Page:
As if a third major title of the season at the U.S. Open weren’t enough, Novak Djokovic has been on a tear since claiming his 10th major title.
After making his seemingly-annual sweep of Asia with a Beijing title (a 500 event) over Rafael Nadal and lifting the trophy at the Masters 1000 event in Shanghai after defeating Jo-Wilfried Tsonga, Djokovic remained perfect this fall by cruising past Andy Murray to the tune of 6-2, 6-4 in Paris-Bercy. In a rivalry that once stood narrowly 8-7 for Djokovic after Murray’s victory in the 2012 U.S. Open final, Djokovic has now won 10 of their 11 meetings since the 2013 Wimbledon final won by Murray.
Per the usual, Murray made more than a few sublime shots and competed well against the World No. 1, but as has also been usual for the last two years, he came up short. Murray was under siege in practically every one of his own service games, getting broken in his second turn each set. In the first set, Djokovic added an insurance break, while in the second, Murray immediately broke back, even threatening to go a break up. Instead, Djokovic steadied to hold, broke Murray the next game for 4-3, and held serve twice to close out the match.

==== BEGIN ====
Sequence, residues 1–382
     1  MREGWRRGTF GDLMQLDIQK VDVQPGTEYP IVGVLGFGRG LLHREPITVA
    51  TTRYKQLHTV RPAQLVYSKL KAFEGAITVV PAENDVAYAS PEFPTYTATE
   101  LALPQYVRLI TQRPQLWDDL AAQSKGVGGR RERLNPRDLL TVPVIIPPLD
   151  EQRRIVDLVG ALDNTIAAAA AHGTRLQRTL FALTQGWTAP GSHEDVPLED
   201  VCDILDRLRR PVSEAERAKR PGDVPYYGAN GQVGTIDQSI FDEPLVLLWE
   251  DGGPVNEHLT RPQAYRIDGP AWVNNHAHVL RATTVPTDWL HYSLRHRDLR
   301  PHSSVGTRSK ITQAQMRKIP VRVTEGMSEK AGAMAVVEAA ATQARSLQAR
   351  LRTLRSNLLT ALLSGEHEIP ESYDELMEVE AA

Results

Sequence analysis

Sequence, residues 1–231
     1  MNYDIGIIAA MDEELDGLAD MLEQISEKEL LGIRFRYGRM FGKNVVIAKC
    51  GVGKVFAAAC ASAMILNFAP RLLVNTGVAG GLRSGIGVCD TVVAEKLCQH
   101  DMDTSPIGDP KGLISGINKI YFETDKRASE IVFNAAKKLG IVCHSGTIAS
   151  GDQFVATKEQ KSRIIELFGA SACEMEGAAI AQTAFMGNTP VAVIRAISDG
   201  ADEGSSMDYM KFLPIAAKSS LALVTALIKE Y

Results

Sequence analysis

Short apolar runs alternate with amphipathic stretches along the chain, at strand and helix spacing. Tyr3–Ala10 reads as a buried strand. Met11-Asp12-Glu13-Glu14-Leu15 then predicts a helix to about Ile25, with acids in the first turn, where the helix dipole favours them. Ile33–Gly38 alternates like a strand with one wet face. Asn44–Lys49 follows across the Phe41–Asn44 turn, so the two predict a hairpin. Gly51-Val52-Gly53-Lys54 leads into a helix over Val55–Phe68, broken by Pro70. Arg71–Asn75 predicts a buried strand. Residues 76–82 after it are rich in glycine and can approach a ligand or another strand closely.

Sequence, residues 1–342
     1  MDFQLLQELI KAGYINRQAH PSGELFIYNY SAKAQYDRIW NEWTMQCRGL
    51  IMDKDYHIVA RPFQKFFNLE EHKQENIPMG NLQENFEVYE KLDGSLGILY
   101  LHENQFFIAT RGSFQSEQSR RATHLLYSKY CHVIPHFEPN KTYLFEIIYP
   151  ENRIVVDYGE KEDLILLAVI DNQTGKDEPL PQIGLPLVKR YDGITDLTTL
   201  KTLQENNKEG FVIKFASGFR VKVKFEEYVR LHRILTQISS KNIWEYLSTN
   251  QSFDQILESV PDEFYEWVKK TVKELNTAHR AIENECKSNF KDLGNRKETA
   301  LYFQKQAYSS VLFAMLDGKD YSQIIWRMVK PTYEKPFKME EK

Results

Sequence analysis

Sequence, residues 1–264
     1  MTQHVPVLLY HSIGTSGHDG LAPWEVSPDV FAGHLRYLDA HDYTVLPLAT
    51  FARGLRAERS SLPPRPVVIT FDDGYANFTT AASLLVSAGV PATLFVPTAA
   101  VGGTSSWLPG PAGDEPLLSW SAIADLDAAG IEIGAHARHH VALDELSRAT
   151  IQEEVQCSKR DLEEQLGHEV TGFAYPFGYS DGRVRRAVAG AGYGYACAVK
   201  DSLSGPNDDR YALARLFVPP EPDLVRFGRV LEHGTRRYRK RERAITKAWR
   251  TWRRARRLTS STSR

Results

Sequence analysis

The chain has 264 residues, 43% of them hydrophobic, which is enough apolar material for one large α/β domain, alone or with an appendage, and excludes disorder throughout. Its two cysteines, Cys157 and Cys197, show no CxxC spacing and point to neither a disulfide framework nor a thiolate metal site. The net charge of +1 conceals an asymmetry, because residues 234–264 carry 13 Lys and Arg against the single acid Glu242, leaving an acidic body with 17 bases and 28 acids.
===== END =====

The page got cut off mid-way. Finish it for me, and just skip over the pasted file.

With his sixth Masters title of 2015 (the others came at Indian Wells and Miami in the spring, along with Monte Carlo and Rome during the clay season), Djokovic reclaims sole possession of the record he set in 2011, as Nadal matched Djokovic’s 2011 season with five of his own in 2013.
Djokovic is making so much history that it needs a second paragraph: he is now just the fourth player to threepeat at any one Masters 1000, joining Andre Agassi (Miami), Roger Federer (Indian Wells) and Nadal (Monte Carlo and Rome). In 2016, he can join Nadal as the only players to threepeat at multiple Masters 1000s by winning Indian Wells, Miami or Rome, and should he win Paris-Bercy next year, he’ll join Nadal as the only players to fourpeat at one of the nine such events (the Spaniard won eight straight in Monte Carlo from 2005-2012).
Besides the Davis Cup final that will feature Andy Murray and Great Britain taking on Belgium, there’s only one event left in the season, which will see Djokovic attempt to put a bow on his historic year at the ATP World Tour Finals in London. He is the three-time defending champion there, though the only other time he won multiple Grand Slams in a season (2011), he did not make it out of the round robin stage. Should Djokovic be victorious again, he’ll join Federer and Pete Sampras as the lone players in the last 25 years to win multiple majors and the World Tour Finals in the same season.